Protesting and Obstructing Traffic: What Are My Rights?


Following the handing down of the controversial Abbott budget, protests have broken out around the country, with student groups featuring fairly prominently. One student group earned notoriety by trying to hijack Q&A with banners and chants the day before the budget was announced.

But one protest that few people will have forgotten, especially if they were trying to cross the Harbour Bridge on the morning in question, is the stunt that Narrabeen man Michael Fox pulled off a few years ago.

He scaled the bridge, hung off and brought traffic to a halt for over two hours as a very public protest against the ban on him contacting his ex-wife or children.

At trial he pleaded not guilty, arguing that the law allowed him to climb bridges and structures if he had a reasonable excuse.

Unfortunately for him, but perhaps unsurprisingly, the judge did not take this view. He was found guilty of climbing the bridge without a lawful reason and obstructing traffic. He was fined $3700 but managed to avoid a potential three-month jail sentence.

While his is an extreme case, clashes between police and protestors often occur, with complaints of police violence as protestors who refuse to move on are roughly handled.

Under the summary offences Act 1988, section 6, obstructing traffic is an offence. It states that: “a person shall not, without reasonable excuse (proof of which lies on the person), wilfully prevent, in any manner, the free passage of a person, vehicle or vessel in a public place.”

The maximum penalty for this offence is 4 penalty units, or $440.

Many protestors view police actions in such situations negatively and as an infringement on their right to freedom of speech or right to protest.

Some are willing to risk arrest or even stronger penalties but the best course of action is to act within the law. While the right to protest, cherished more by some than others, is not clearly defined, there is some regulation in place.

The current NSW legal procedure allows for those who participate are protected from prosecution in relation to some charges relating to obstructing traffic or people, as well as those which relate to unlawful assemblies.

The NSW police force now host on their website a form:  ‘Notice of Intention to Hold a Public Assembly’ to be filled out by those organising protests or other kinds of public assemblies.

Its aim is to allow protesters to warn police in advance of any public assembly that they plan on holding. The form requires information including the route, date, time and specifying the approximate number of people.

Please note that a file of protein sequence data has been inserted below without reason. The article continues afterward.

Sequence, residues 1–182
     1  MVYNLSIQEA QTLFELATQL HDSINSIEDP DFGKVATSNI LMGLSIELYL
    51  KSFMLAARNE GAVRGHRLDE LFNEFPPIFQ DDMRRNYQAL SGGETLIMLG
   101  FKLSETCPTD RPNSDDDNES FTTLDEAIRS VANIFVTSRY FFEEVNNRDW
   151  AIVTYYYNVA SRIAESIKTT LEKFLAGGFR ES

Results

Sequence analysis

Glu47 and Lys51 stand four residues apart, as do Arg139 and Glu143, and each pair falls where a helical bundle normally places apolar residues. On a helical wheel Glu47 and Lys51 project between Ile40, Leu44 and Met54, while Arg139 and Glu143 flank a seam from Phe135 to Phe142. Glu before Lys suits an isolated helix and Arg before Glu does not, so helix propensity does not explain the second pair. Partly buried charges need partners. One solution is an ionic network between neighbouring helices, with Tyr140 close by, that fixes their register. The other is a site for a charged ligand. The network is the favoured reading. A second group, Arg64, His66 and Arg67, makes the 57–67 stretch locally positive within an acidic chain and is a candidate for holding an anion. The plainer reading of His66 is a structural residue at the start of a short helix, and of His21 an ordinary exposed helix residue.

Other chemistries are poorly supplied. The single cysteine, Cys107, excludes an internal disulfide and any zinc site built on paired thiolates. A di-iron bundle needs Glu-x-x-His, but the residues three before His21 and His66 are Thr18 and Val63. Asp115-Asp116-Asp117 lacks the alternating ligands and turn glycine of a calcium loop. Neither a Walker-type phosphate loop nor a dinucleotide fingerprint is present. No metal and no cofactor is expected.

It should be completed at least seven days prior to the protest. If this is done, the notice will exempt protesters from arrest for offences like obstructing traffic.

According to NSW law, if police believe on ‘reasonable grounds’ that you are obstructing a person, people or traffic, they may tell you to move along. This applies equally to a group of people, and police don’t have to repeat the instructions to each person in the group (however this does not lead to a presumption that everyone in the group heard the warning).

Failure to comply with such an order made by police could land you in even more trouble – if you refuse to move on, you are potentially up against a $220 fine.

Police may also ask for identification if you have been asked to move on, even if you complied with their request. This is a change to police powers, as prior to 2011, only a failure to comply with a move on direction gave the police the authority to request identification.

If you are planning on participating in a protest it would be wise to proceed with caution, and keep in mind that the police have increased powers than in the past. If you have recently been charged with obstructing traffic, it may be a good idea to speak to a lawyer.


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About Ugur Nedim

Ugur Nedim is an Accredited Specialist Criminal Lawyer and Principal at Sydney Criminal Lawyers, Sydney's leading firm of criminal and traffic defence lawyers.
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